MADISON, Wis. — Fourteen-year-olds convicted of homicide can be sent to prison for life without parole, the Wisconsin Supreme Court ruled yesterday in upholding a life sentence for a man who helped throw a boy off a parking ramp when he was a teenager.
In a case watched by psychiatrists, family advocates, and defense attorneys, the court found that neither the US nor the Wisconsin constitutions prohibits life sentences without parole for 14-year-olds in homicide cases and no national consensus has formed against such sentences.
“We . . . confirm what objective evidence already informs us: Contemporary society views the punishment as proportionate to the offense,’’ Justice Annette Kingsland Ziegler wrote for the majority.
Omer Ninham was convicted of first-degree intentional homicide for his role in the death of Zong Vang, 13, in Green Bay in 1998. Ninham was 14 at the time. A judge sentenced him to life without parole two years later.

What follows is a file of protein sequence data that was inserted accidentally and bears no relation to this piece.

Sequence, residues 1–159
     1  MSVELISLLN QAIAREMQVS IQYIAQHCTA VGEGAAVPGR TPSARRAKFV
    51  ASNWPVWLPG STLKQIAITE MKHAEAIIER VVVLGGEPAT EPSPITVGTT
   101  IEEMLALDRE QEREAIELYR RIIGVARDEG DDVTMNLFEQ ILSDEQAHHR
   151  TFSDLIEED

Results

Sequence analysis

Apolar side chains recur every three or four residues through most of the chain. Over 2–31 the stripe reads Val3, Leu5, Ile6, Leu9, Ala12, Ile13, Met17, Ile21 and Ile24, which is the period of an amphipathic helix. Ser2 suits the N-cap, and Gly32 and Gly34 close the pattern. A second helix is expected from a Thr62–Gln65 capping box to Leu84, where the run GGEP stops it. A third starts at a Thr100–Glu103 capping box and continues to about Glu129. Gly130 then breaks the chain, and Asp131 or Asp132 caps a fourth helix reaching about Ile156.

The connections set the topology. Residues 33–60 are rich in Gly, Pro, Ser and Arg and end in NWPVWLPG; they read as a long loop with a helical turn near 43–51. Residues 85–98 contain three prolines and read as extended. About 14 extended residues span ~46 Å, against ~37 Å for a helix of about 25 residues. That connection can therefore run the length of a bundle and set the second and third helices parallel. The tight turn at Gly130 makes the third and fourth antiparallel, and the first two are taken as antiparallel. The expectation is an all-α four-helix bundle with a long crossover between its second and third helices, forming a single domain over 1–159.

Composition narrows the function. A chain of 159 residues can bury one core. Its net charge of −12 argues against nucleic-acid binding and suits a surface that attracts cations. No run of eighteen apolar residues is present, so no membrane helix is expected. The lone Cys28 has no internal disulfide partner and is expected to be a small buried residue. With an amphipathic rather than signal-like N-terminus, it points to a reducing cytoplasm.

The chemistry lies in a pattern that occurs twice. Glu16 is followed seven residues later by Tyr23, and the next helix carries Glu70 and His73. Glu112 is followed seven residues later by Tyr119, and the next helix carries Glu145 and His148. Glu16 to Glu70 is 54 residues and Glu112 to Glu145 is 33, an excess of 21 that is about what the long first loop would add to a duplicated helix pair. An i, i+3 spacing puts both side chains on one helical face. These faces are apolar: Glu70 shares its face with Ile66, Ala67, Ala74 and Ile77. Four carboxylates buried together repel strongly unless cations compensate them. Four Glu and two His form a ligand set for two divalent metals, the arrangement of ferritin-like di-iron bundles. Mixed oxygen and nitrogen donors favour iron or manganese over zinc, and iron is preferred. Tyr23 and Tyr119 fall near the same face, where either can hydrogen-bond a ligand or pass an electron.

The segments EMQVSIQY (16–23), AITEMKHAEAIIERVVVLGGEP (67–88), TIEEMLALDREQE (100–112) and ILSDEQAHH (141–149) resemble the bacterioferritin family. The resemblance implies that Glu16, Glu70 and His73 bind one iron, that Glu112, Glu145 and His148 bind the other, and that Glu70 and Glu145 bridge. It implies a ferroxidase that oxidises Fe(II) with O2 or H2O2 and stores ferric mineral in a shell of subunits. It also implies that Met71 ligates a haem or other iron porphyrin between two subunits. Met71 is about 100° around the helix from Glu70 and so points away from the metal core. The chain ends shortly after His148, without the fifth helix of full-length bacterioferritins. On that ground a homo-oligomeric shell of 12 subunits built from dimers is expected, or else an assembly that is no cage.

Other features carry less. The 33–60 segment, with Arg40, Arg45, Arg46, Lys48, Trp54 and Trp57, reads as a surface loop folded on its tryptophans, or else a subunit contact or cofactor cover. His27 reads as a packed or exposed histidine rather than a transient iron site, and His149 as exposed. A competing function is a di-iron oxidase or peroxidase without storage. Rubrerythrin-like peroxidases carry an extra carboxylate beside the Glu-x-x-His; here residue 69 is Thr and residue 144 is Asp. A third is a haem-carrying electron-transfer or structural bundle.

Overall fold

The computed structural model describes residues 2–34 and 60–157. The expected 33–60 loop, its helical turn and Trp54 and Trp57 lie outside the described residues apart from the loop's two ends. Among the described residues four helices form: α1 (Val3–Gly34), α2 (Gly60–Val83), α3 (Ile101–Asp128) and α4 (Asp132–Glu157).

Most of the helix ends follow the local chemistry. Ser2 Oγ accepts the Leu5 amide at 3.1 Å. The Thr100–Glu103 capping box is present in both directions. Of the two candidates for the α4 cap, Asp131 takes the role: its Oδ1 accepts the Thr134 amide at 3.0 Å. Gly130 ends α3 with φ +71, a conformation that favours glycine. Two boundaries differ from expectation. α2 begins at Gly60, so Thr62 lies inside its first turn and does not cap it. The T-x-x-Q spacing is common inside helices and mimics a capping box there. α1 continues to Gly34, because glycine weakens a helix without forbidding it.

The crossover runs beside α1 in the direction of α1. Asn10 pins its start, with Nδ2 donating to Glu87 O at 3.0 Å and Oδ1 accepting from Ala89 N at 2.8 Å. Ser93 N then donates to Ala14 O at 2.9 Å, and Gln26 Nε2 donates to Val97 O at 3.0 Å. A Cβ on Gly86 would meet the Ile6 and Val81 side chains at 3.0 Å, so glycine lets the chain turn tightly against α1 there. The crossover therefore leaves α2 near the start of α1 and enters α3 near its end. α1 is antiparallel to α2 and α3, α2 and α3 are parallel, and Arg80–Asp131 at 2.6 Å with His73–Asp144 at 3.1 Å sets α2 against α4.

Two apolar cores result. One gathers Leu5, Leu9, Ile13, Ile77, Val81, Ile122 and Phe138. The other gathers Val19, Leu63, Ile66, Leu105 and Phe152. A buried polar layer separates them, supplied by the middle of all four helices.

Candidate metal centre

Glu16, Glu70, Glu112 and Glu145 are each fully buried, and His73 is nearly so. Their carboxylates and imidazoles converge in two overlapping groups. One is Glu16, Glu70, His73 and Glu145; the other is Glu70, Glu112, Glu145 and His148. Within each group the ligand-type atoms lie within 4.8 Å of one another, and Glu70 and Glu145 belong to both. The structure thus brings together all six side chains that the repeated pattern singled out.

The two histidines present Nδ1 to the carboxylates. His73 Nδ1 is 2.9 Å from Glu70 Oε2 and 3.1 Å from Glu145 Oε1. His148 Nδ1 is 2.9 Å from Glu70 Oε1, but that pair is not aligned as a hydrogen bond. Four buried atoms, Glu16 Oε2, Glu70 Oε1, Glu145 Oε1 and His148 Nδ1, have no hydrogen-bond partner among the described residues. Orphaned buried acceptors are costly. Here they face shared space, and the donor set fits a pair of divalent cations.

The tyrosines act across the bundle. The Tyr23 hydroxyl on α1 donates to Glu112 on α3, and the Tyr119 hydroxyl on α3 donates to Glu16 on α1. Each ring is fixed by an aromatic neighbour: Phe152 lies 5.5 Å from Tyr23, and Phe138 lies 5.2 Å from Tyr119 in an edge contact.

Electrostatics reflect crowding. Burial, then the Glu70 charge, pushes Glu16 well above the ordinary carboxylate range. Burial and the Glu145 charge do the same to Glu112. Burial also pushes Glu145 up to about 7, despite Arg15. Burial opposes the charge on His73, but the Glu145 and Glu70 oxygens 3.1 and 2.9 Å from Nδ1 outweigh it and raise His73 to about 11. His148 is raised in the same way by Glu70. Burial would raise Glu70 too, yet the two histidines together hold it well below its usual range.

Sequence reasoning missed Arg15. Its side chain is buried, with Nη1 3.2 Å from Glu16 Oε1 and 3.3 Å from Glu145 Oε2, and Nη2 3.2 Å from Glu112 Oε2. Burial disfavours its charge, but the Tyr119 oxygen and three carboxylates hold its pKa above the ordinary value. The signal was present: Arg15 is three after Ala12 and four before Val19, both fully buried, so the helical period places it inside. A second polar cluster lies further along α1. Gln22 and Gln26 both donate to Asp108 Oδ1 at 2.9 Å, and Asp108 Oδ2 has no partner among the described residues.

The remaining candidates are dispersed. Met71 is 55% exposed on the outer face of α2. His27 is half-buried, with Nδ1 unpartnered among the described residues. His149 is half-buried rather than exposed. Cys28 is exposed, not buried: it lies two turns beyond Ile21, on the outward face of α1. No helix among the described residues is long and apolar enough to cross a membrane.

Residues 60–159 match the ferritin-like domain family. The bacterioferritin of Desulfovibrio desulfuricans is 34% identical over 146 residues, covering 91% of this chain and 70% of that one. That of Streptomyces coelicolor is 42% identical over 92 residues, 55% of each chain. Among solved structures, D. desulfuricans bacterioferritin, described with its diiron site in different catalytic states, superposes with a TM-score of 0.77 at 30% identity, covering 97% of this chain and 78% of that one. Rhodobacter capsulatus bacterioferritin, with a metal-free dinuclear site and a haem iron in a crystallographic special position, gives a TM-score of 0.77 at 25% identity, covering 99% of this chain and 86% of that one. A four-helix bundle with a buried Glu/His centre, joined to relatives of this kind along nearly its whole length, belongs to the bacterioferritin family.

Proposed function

Ninham’s attorney, Byron Stevenson of the Equal Justice Initiative, argued the sentence amounted to cruel and unusual punishment. He vowed to appeal to the US Supreme Court.
“I absolutely believe it’s just a matter of time before states are going to have to reevaluate the judgment that you can punish [a juvenile] the same way you can punish an adult,’’ he said. “Children are different than adults.’’
Judges across the country rarely sentence juvenile offenders to life without parole. According to statistics compiled by the Equal Justice Initiative that the Wisconsin justices cited in their opinion, 73 children age 14 or younger across 18 states have received that sentence. The US Supreme Court in 2005 ruled that sentencing juveniles to death is unconstitutional.